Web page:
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Is it all over already? Gloomy signs overshadow rosy statistics of 'Hallyu'

2005/07/11 | 1091 views | Permalink | Source

Is Asia's love affair with Korean pop culture fading? A drop in tourism connected to Korean dramas, a pricing bubble that strains foreign broadcasters and trite story lines should be warning signals, industry analysts say.

Nobody disputes the success story. When "Winter Sonata", a cult hit Korean TV soap opera, was first introduced to Japan in 2003, it was sold at 500 million won ($475,000), peanuts, considering that almost four out of ten Japanese people have seen the drama at least once. In contrast, a major Japanese network recently proposed paying more than 2 billion won to purchase the exclusive right to air another hit Korean TV drama "Super Rookie" in Japan, which testifies how fast the reputation of Korean television series has grown in overseas market.

The success of well-packaged Korean television series has been at the center of Hallyu or the Korean pop culture syndrome in Asia, which is best demonstrated by "Winter Sonata" and "A Jewel in the Palace" - "Dae Jang Geum", a series about a female doctor in the royal palace, set in the Joseon period (1392-1910 A.D.) and produced by Munwha Broadcasting Corporation, one of Korea's three broadcasting giants.

"Winter Sonata" has been exported to 16 countries including Egypt, Ghana and Japan.

"A Jewel in the Palace" - "Dae Jang Geum" proved popular enough in Hong Kong to trigger an increase in the number of Hong Kong tourists to Korea. In Taiwan, the drama is now used to advertise Korea on the Taipei subway.

According to Park Jae-bok, overseas contracts manager at MBC Production, an MBC subsidiary that deals with foreign contracts, the network's revenues from the export of soap operas over the past six months has already surpassed that of last year's total revenues.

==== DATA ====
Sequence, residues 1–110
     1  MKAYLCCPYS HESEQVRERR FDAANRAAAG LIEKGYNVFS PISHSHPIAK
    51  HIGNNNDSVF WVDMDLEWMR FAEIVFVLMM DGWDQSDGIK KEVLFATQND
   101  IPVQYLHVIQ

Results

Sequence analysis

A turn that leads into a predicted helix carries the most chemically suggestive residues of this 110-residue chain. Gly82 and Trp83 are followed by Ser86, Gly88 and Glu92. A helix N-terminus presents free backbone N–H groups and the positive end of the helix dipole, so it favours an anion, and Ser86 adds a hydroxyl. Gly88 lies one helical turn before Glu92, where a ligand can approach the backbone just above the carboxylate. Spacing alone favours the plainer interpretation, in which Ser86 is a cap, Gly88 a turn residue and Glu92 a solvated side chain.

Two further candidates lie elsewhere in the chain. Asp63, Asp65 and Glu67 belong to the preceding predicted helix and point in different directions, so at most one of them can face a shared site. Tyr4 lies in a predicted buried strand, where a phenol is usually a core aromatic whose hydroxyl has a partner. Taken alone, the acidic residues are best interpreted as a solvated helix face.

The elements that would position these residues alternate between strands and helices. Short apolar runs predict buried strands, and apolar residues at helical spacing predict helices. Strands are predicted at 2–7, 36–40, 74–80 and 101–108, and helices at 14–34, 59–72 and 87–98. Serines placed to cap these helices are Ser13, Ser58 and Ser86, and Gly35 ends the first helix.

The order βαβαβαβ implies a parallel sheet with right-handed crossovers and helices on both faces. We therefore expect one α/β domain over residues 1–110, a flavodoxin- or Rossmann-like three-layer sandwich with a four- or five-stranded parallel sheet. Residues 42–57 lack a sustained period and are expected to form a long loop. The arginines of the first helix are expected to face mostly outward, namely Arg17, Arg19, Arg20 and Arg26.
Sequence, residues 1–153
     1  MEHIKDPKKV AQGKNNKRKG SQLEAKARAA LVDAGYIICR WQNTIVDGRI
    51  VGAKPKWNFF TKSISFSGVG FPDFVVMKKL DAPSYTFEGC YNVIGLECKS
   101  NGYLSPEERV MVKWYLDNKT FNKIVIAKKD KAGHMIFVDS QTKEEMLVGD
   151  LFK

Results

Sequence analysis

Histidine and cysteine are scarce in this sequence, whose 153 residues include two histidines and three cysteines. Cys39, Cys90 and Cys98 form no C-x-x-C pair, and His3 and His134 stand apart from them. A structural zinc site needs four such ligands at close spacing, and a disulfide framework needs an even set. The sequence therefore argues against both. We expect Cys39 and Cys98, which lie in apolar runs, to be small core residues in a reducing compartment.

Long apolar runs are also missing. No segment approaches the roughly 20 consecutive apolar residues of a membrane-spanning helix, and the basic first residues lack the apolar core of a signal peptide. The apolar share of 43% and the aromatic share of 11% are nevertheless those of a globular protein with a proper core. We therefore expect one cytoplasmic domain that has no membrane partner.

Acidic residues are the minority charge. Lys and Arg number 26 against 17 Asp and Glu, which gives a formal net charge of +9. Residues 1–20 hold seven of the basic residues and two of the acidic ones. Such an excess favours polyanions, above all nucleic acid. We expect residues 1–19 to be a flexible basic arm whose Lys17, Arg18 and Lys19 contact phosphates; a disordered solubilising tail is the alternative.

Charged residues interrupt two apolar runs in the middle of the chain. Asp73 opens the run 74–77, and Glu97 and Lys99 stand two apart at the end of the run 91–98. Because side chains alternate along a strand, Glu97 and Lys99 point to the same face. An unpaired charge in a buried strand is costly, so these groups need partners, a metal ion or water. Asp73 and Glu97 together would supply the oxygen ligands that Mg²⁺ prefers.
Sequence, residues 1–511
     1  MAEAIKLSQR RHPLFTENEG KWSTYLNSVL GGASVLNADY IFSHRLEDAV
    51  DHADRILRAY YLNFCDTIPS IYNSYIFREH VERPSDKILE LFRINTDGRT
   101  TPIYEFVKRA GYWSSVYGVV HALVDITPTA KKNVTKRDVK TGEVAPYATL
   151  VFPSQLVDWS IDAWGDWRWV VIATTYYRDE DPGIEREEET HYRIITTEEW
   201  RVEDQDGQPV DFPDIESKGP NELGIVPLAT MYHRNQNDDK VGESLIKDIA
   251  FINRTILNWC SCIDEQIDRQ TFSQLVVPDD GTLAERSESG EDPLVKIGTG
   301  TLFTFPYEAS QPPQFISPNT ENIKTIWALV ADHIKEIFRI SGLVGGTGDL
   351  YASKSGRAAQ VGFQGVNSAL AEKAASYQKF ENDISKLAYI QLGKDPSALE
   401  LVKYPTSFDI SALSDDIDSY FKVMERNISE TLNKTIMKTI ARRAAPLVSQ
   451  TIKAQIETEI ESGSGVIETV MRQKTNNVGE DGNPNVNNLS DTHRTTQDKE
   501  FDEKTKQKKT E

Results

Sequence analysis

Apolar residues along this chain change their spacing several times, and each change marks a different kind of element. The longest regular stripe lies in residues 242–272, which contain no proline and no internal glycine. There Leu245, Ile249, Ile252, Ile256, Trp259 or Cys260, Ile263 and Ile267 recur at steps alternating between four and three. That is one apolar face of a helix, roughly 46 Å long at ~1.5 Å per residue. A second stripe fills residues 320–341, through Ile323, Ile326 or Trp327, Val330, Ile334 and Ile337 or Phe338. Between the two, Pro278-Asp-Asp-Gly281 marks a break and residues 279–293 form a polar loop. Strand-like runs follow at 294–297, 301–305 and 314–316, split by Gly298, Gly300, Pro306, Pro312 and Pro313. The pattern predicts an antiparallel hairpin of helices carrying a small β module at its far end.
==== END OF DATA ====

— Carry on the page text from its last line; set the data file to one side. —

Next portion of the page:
But the rosy statistics are masking gloomy precursors about the industry's future in overseas markets including China and Japan, the biggest target markets for Korean dramas.

One conspicuous sign is the decrease in the number of foreign tourists on a "Hallyu tour", or a trip to cities where hit Korean dramas were filmed.

The number of foreign tourists to Nami Island, in which "Winter Sonata" was filmed, has dropped by 38 percent during the first five months of this year, according to the Korea National Tourism Organization.

Some may cite the worsening Korea-Japan relationship as a major factor behind the decrease. More than that, the lack of attractions that can keep the boom even after the drama's popularity has become withered, poses a bigger threat to the industry's future.

"I don't think I will visit Nami Island, although I'm a huge fan of 'Winter Sonata",' said Asako Nakai, a Japanese tourist from Osaka, told The Korea Herald. NHK, Japan's biggest and only public network, has recently ceased the operation of its official "Winter Sonata" Web page, as if to reflect the lowering interest in the drama among Japanese.

"In Asian market, Korean dramas are even more expensive than those of Hollywood and Japanese production, although the average production cost is only about one sixth of that of Japan", Park said at a recent seminar on Hallyu, which was co-hosted by the Korea International Trade Association and the Korea Culture Management Institute.

Take price-sensitive Taiwan. According to the Korea National Statistical Office, Videoland, Taiwan's major television network and the biggest distributor of imported television programs, assigned a total of 356 hours for Korean TV series in 2004, which represents about a 50 percent decrease from 2003. The average price for an episode during the time, on the other hand, increased from $3,943 to $5,090.

Meanwhile, many initially enthusiastic Asian fans of Korean soap operas are tiring of the typical fare, consisting of Cinderella stories or love triangles.

"There are just too many secrets of birth in Korean soap operas, which make me tired as time goes by", said another Japanese tourist who wished to remain anonymous.

Ko Jung-min, a senior researcher at Samsung Economic Research Institute, says the only solution is to allow intense local competition to boost the quality of story-telling and thus maintain the popularity of Korean dramas.

"Korean drama's popularity in foreign markets has owed much to the fierce competition for higher viewing rates among local broadcasters", he said. "After all, the biggest driving force for the future success of the genre in foreign markets will also be such productive competition in the country, not anything else".

By Lee Yong-sung

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